Mr. Breid developed his own version of Ulysses for Defense Systems chip designs.
Cheers, Michael Pluimer
8.0 Navy Compiler history by Clyde Allen
In September, 1957, I joined Remington Rand Univac and was assigned to the NTDS department
under Seymour Cray. Univac was under contract to build a transistorized computer for the U. S. Navy.
As the USQ-17 was being invented using preliminary prototypes named Magstec and
Transtec, it became obvious that programming these computers was to become a major challenge. A group was put
together in Dr. George Chapin’s NTDS department and named this
group Advanced Programming. It was headed by Mark
Koschman and included persons like Larry Krak, Phyllis
O’Toole, Dick VanderSteeg, Bob Thurston, Walt Haberstroh among
others. The task was to automate the programming effort. To that point,
computer code was hand entered in binary directly into the
One of the first labor saving
efforts was to develop a program that interpreted punched
paper tape prepared on a flexowriter and loaded the
computer. A great
time saver, except if one made an error in preparing the tape,
there was no correcting it—one started over.
Working with the people in the
Navy’s NTDS department, such as Joe Stoutenburg, Eric Svenson.
Capt. Ed Svendson, Capt. Parker Folsom, Don Ream, Paul Hoskins
and many others, the first automated assembler of mnemonic
code and virtual addressing was developed. This was the beginning
and named Assembly System-1 (AS-1). From there
Compiling System 1 (CS-1) was specified and became the Navy’s
programming language supporting its proprietary computer
architectures. There were many iterations of this system through the
years as features were added to make the compiling process
more efficient as well as to account for the technology
changes in the hardware. Some of the names assumed were CS-2, CMS-1, CMS-2 and
all supported the computers such as USQ-17, USQ-20, UYK-7 and
Adoption of CS-1 as the Navy’s
standard language was not without controversy. Dr. Grace Hopper also
a Univac employee and Naval reserve officer was inventing and
promoting COBOL as the answer to the world’s programming
language was quickly proven to be best suited to business
applications and not considered for real time
applications. Also an international community was adopting an
algebraic language (ALGOL) for scientific applications. The Naval Electronics
laboratory under Dr. Maury Halstad in San Diego promoted a
dialect of ALGOL called Naval Electronics Laboratory IAC
heated debates were staged by NEL experts and Univac experts
helping the Navy decide on which was better—NELIAC or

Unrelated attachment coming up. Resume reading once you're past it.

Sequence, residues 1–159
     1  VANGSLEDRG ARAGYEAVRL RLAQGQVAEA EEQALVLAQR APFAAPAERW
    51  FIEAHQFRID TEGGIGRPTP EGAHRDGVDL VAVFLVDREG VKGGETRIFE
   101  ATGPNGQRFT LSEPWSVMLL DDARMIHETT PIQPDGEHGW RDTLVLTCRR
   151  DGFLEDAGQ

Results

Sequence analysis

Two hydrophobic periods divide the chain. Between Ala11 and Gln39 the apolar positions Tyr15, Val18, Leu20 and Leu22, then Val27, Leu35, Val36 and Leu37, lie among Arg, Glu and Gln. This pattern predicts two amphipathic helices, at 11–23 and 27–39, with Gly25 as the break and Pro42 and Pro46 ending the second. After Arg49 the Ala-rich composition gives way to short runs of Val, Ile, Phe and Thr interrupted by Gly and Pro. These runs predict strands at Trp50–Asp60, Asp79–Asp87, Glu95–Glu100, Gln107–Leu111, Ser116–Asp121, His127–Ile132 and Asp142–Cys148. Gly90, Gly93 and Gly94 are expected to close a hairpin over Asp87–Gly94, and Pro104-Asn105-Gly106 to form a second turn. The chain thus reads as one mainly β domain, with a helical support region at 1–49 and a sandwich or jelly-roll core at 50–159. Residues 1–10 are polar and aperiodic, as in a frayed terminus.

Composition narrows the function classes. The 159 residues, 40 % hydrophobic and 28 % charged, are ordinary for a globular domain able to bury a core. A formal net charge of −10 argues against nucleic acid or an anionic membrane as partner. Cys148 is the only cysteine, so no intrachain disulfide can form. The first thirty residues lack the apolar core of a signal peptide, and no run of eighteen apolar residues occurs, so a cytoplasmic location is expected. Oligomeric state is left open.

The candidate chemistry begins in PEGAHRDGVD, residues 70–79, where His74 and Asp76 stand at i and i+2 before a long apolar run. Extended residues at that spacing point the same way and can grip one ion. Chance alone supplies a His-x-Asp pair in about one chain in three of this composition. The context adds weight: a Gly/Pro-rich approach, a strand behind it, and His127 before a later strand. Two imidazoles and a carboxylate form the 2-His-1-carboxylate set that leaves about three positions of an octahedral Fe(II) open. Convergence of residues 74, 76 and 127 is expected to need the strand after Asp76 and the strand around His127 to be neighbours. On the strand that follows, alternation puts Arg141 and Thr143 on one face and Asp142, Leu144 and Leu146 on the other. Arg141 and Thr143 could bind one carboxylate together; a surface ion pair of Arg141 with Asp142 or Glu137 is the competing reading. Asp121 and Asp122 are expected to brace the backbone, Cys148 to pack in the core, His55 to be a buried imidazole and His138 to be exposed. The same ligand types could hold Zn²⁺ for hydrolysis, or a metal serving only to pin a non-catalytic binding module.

discussions were political as well as technical in that both
developers and their sponsors in the Navy had investment in
the decision. CS-1 was declared the Navy’ standard and enjoyed
remarkable stability and usage while the proprietary computer
architecture was employed.
At the same time as the Navy
was surging ahead with its programming automation, the Air
Force was also moving out. At the System
Development Corporation’s laboratory, a brilliant young
engineer by the name of Jules Schwartz was adopting ALGOL into
a standard for the Air Force. This language was
named JOVIAL (Jules Own Version Of the International Algebraic
Language). While some discussion in the Pentagon was held as to
why two languages were needed, no action occurred to change
the rush to program operational systems as fast as
Univac and its succeeding company profiles can be extremely proud of the computer
systems and software developed and employed in the NAVY. From those primitive beginnings in the late fifty’s through today, these systems
have served the USA well by providing the tools necessary to protect our country’s shores.
The Bit Savers web site has preserved some documentation of these support software tools,
Keith Myhre has scanned some reference cards too:
From: George Gray To: Smith, Ronald Q Subject: Early Software for the 1103
MIT's (the world's?) first Operating System (1954) -
John Frankovich and Frank Helwig wrote, for Digital Flight Test
Instrumentation project (DFTI) and general Whirlwind use, the
Director Tape program, to use the Control-room Flexo-writer's
mechanical tape-reader in parallel operation with the new fast
photoelectric tape reader (PETR, installed Fall 1952) to read
DFTI's huge, spliced-together paper tapes, with emulated
manual switch-settings, post-mortem tests, etc. interspersed
and automatically controlling the computer --
John Ward, Project Engineer,
and Doug Ross Lead Programmer, used digital instrumentation
hardware and Whirlwind computing to evaluate the effectiveness
of the tail turret for the B-58 Hustler supersonic bomber, but
mounted on B-47s with F-86 fighter nose strobe target -- on
serial #3 ERA 1103 36-bit word computer at Eglin Air Force
Base, Florida. $10,000/hour flight-test costs! Frankovich and Helwig also wrote a symbolic assembler, based
on Digital Computer Lab's Summer Session software, generating
1103 tapes, which then were flown to Florida for debugging and
use. Ross wrote 'Save the Baby' interruptive checker and
patch assembler on the 1103, for quick fixes on site. ERA had
no software; Flexowriter and plug-coded relay box punched
7-bit machine-code tape for input. Servo Lab's shop built
elegantly simple manual winders and roller-lined, high-sided,
deep-pocket tape holders for use with 200 cps. photoelectric
tape readers, both places.
(Contrary to Computer Museum mockup
of Whirlwind's Control Room, the on-line Flexowriter keyboard
never was used for input! Only the 10-cps printer and
tape-reader and tape-punch were live -- as was Operator Joe
Thompson, manikin-rendered in the exhibit.)
A Personal View of The
Personal Work Station: Some Firsts in the Fifties Invited
paper for the ACM History of Personal Workstations Conference,
January 1986. In A History of Personal Workstations, A.
Goldberg, Ed. m New York: ACM Press/Addison-Wesley, 1988, pp